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French elections: Socialist challenger Hollande takes Round 1, promises growth

Both François Hollande and incumbent Nicolas Sarkozy now advance to a runoff presidential election on May 6.

By Staff Writer / April 22, 2012

Socialist party candidate Francois Hollande waves after his Sunday-night speech in France. He and French president Nicolas Sarkozy will vie in a run-off election.

Christophe Ena/AP



President Nicolas Sarkozy and Socialist challenger François Hollande appear ready to face off May 6 for the French presidency after an unusual first round of elections that combined a high turnout rate with low voter enthusiasm.

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A late surge of Socialist Party candidate Francois Hollande, at 28.4 percent according to exit polls, eclipsed the 25.5 percent of president Sarkozy, and represents the first time in modern France an incumbent has not taken the lead after Round 1.

Political experts have stressed for weeks that Mr. Sarkozy, elected in 2007, needs to use Round 1 to create momentum if he is to win on May 6 and stay in office. 

Round 1 winnows the French field from 10 candidates to two.

Perhaps the most unexpected outcome is the robust 19 to 20 percent score of far right National Front candidate Marine Le Pen, who compares herself to a Joan of Arc, and has run a campaign focused on foreigners and Islam. Ms. Le Pen said tonight, after a high score that defied polls putting her at 14 to 15 percent, that "We are just at the beginning.... Nothing will ever be the same again."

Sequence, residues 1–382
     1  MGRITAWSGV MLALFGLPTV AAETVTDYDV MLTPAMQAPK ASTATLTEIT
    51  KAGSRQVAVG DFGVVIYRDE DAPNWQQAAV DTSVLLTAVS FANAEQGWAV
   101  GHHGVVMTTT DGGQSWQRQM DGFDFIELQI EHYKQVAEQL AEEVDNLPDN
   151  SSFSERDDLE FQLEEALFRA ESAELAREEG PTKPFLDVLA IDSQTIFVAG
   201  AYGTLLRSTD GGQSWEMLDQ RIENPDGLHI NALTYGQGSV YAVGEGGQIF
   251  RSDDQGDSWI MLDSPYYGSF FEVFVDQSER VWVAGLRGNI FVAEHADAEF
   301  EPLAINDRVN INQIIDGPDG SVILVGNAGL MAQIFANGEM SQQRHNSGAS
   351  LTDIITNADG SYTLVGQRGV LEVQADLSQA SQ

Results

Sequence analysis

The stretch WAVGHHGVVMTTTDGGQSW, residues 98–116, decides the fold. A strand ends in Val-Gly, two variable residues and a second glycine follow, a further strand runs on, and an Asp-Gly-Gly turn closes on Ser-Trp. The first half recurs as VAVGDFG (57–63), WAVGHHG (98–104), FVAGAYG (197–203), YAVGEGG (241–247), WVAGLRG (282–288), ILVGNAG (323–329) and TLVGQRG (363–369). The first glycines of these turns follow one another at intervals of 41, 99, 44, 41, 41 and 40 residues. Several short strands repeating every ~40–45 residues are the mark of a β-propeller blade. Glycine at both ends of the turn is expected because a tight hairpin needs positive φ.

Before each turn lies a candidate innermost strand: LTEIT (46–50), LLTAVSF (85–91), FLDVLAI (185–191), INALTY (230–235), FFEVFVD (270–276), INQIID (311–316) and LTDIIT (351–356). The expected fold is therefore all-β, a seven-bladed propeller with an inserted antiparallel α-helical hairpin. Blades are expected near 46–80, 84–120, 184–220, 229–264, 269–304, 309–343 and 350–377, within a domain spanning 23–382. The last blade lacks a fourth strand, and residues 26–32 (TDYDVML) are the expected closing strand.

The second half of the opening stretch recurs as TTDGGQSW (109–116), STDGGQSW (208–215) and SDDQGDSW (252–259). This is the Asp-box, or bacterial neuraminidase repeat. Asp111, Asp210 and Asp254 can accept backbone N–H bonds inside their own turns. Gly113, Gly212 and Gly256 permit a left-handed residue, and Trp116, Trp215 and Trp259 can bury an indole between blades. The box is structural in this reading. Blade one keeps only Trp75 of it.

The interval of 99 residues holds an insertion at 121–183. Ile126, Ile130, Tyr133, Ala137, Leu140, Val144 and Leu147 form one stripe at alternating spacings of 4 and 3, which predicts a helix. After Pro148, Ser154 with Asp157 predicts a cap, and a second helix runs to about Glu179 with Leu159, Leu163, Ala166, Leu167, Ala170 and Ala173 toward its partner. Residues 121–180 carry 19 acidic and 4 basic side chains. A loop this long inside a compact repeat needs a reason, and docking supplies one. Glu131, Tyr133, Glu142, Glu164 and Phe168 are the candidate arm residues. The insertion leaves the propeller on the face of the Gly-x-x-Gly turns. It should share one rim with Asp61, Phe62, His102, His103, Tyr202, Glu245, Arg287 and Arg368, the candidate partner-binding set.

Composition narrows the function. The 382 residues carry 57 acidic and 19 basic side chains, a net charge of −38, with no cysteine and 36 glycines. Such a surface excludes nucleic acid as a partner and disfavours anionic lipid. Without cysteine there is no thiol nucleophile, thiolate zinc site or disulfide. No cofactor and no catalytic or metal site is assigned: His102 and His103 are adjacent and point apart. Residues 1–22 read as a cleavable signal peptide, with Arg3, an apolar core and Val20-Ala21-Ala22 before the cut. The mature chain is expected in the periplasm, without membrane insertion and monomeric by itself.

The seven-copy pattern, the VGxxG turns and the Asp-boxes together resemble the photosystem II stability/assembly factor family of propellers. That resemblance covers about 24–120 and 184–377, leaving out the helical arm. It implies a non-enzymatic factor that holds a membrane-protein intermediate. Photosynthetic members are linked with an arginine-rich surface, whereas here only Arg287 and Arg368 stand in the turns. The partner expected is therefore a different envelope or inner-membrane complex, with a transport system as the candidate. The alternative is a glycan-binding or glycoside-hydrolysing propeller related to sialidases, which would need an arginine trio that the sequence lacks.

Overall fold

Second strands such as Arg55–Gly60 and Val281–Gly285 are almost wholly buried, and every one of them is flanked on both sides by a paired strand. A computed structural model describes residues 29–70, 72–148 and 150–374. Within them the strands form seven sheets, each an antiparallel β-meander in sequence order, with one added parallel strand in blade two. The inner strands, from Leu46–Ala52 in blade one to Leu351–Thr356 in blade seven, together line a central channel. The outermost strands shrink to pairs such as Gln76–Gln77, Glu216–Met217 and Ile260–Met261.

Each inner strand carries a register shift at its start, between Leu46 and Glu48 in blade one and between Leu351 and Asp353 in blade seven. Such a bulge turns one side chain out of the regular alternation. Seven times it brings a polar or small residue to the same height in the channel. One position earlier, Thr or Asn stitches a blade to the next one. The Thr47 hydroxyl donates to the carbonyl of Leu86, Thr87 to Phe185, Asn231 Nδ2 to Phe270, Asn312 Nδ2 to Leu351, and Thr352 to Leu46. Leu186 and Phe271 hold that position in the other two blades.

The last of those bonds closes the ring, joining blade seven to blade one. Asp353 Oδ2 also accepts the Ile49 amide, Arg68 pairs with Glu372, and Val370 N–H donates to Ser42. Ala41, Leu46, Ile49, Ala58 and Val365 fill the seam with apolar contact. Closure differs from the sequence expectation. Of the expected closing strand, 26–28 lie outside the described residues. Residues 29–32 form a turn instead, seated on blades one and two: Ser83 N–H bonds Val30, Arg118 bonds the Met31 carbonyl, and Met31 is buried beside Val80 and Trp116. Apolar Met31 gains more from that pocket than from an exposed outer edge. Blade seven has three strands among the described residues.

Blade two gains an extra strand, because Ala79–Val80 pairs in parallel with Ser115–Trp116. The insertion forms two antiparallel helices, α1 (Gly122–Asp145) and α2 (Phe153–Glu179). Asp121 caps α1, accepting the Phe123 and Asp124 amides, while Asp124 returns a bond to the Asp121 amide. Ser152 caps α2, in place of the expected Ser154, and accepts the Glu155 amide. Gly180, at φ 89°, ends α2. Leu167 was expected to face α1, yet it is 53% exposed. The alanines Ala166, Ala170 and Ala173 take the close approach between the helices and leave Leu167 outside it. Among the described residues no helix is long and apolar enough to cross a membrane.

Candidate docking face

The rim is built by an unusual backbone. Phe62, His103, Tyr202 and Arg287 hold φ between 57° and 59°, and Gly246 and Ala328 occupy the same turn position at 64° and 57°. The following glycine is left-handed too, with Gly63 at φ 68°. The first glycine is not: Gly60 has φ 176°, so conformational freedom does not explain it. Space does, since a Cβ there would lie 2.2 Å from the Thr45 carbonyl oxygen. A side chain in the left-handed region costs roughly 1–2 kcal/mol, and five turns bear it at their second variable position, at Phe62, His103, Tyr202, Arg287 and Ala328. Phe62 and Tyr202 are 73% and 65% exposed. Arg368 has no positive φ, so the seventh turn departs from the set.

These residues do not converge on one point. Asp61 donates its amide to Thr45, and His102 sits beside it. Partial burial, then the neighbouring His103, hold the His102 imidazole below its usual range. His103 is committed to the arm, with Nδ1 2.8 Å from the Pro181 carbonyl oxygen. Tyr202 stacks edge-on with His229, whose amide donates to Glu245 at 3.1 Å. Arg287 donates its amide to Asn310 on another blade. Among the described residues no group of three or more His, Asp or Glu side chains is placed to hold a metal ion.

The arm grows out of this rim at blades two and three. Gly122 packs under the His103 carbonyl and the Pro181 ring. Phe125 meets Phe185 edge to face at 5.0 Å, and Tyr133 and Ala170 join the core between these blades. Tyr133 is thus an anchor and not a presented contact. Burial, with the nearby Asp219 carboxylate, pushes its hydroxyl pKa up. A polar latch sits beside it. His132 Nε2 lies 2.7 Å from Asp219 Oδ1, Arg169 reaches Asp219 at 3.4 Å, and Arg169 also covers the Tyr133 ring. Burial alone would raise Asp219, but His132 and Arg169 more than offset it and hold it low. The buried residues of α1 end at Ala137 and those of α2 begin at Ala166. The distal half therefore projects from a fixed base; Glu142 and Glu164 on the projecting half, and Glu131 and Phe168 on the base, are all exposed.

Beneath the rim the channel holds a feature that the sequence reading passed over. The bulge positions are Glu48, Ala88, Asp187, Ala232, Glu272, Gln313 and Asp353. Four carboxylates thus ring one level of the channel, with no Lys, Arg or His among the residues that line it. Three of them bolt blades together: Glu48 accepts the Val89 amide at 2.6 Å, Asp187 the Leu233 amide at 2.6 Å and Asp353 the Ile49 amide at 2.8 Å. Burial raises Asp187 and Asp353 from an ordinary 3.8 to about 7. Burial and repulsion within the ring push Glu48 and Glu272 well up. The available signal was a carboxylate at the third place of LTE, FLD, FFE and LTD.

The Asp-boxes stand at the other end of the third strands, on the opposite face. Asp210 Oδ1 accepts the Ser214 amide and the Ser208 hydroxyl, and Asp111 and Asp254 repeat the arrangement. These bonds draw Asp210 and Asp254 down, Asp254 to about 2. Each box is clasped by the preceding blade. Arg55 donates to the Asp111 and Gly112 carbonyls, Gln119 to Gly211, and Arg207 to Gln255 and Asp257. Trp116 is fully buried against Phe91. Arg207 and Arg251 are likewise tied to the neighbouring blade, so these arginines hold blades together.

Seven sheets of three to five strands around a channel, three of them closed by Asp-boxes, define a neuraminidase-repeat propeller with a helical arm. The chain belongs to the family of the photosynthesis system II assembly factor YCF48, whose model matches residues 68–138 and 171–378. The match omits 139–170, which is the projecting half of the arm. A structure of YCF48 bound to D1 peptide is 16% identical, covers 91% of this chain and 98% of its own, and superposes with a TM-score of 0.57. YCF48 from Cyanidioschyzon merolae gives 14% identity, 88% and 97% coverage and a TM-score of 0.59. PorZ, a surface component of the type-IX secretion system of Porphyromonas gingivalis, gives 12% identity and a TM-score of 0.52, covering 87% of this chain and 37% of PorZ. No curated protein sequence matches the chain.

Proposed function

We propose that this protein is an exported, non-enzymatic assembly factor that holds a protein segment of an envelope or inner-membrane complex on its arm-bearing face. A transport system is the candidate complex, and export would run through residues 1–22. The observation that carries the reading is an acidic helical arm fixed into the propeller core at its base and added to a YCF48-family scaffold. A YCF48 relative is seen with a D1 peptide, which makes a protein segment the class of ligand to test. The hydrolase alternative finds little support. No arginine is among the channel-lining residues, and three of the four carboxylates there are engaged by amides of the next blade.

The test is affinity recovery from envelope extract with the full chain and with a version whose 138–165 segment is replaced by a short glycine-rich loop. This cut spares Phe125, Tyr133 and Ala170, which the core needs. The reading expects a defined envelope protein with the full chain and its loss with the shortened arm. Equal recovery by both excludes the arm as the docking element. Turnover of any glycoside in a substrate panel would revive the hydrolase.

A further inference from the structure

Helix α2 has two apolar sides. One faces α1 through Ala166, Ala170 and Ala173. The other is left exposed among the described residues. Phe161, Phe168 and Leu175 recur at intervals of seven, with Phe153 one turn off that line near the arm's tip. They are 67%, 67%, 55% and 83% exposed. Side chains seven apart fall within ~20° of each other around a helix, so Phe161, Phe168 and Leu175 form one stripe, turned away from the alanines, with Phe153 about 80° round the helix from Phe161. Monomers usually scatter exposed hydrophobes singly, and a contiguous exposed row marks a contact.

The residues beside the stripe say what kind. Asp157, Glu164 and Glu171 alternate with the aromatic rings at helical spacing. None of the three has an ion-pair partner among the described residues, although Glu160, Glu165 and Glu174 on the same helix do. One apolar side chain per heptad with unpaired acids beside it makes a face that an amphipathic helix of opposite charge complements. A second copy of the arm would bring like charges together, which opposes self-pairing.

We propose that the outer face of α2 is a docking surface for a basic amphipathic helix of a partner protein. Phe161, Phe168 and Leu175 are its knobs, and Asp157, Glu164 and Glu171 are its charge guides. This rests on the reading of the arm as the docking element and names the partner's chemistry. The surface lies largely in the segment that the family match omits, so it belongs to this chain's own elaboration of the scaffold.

A high official turnout of 81.3 percent is attributed to a combination of growing French concern for the economic future, an “anti-Sarkozy” vote that has long been brewing, and a sharp French remembrance of the 2002 elections that saw a protest vote abstention in Round 1 and a run-off featuring far right political figure Jean Marie Le Pen, father of Ms. Le Pen.

Yet Ms. Le Pen’s tally in 2012 is surprisingly higher than her father in 2002.

In interviews at Paris polling stations, French citizens expressed little real joy in the vote but felt that France’s future is so uncertain that they needed to do their civic duty.

“Whoever is elected, things are going to be hard,” says a middle-aged Frenchman, Angelo Benkaddour, outside a voting station in Paris' 10th district. “What’s happening in Greece and Spain [economic woes], it is coming here.”

Implications for Europe


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